use HIP messages to notify the other host about the new address and
 to check that the host with the new address is still reachable.  The
 following examples show the signaling performed during the address
 change in two different scenarios.  Note that not all HIP parameters
 nor all the content of the parameters is shown in the examples.  This
 section and the examples are not normative; for normative behavior,
 see previous sections.
 In the examples, host A uses two different addresses (a1 and a2)
 while host B has just a single address (b1).  In the first example,
 "Make before Break" (Figure 2), host A starts to use the new address
 but can still use the old address (due to multihoming) for signaling.
 In the second example, "Break before Make" (Figure 3), host A loses
 the first address before obtaining the second address (e.g., due to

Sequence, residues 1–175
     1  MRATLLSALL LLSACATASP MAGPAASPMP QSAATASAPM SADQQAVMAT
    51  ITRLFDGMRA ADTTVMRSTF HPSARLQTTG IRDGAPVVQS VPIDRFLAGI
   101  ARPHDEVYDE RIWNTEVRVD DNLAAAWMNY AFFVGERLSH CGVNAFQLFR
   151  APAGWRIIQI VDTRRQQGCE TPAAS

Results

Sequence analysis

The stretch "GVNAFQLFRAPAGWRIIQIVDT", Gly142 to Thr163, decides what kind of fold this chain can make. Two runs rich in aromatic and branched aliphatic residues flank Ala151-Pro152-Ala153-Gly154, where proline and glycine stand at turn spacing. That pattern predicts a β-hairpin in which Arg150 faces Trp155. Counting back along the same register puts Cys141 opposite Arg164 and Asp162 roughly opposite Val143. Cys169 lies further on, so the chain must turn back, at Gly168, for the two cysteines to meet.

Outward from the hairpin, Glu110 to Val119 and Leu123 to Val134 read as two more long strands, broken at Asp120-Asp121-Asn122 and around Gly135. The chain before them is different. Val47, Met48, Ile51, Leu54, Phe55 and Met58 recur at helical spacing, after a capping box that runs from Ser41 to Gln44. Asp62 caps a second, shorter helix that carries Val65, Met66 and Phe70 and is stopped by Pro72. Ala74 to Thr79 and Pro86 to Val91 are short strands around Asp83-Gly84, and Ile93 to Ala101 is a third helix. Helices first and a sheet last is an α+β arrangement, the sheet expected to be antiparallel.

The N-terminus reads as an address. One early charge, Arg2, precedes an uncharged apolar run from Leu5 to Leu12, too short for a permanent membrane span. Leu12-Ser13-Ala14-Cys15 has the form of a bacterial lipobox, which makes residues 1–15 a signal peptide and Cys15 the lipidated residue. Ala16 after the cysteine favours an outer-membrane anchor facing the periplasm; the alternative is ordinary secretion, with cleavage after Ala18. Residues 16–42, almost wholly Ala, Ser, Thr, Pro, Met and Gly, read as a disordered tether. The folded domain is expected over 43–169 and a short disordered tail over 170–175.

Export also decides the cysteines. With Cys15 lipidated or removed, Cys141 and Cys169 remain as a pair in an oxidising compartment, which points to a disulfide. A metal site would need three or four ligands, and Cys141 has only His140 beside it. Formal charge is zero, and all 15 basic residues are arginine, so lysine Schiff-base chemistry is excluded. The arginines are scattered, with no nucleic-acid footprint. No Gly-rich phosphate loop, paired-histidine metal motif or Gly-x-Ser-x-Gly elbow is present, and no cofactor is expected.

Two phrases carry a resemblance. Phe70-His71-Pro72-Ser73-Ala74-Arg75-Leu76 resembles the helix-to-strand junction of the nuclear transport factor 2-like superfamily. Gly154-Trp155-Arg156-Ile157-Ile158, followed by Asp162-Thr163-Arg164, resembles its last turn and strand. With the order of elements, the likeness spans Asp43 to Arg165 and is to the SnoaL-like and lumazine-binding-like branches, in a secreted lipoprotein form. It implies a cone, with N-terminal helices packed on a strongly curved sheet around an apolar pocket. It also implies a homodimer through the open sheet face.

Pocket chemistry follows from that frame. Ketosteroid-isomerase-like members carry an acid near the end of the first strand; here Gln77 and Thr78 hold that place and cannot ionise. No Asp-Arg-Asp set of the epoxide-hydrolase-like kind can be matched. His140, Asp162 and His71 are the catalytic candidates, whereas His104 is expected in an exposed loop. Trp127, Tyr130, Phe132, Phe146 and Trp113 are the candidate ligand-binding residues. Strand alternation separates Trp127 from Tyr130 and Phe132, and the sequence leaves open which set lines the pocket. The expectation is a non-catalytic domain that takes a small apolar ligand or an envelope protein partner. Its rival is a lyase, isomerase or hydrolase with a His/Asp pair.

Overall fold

mobility), and the mobility HIP signaling is done without the
 encrypted connection.
 The following notations are used in the examples:
 o  ESPx(y): data y sent encapsulated in ESP with SA x; if ESP-
    encapsulation is not used, the data is sent over plain IP or UDP
 o  UPDATE(x,y,z): HIP UPDATE message [RFC5201] with parameters x,y,z
 o  LOCATOR(x): HIP LOCATOR parameter [RFC5206] with locator x
 o  ESP_INFO(x,y): HIP ESP_INFO parameter [RFC5202] with "old SPI"
    value x and "new SPI" value y
    ECHO_RESPONSE parameters [RFC5201]

Keranen Experimental [Page 11] RFC 6261 HIP Encrypted Signaling Transport Modes May 2011

          A                                                  B
         a1 <----------------------------------------------> b1
              ESP1(UPDATE(LOCATOR(a2), ESP_INFO(0,SPI2a)))
         a1 -----------------------------------------------> b1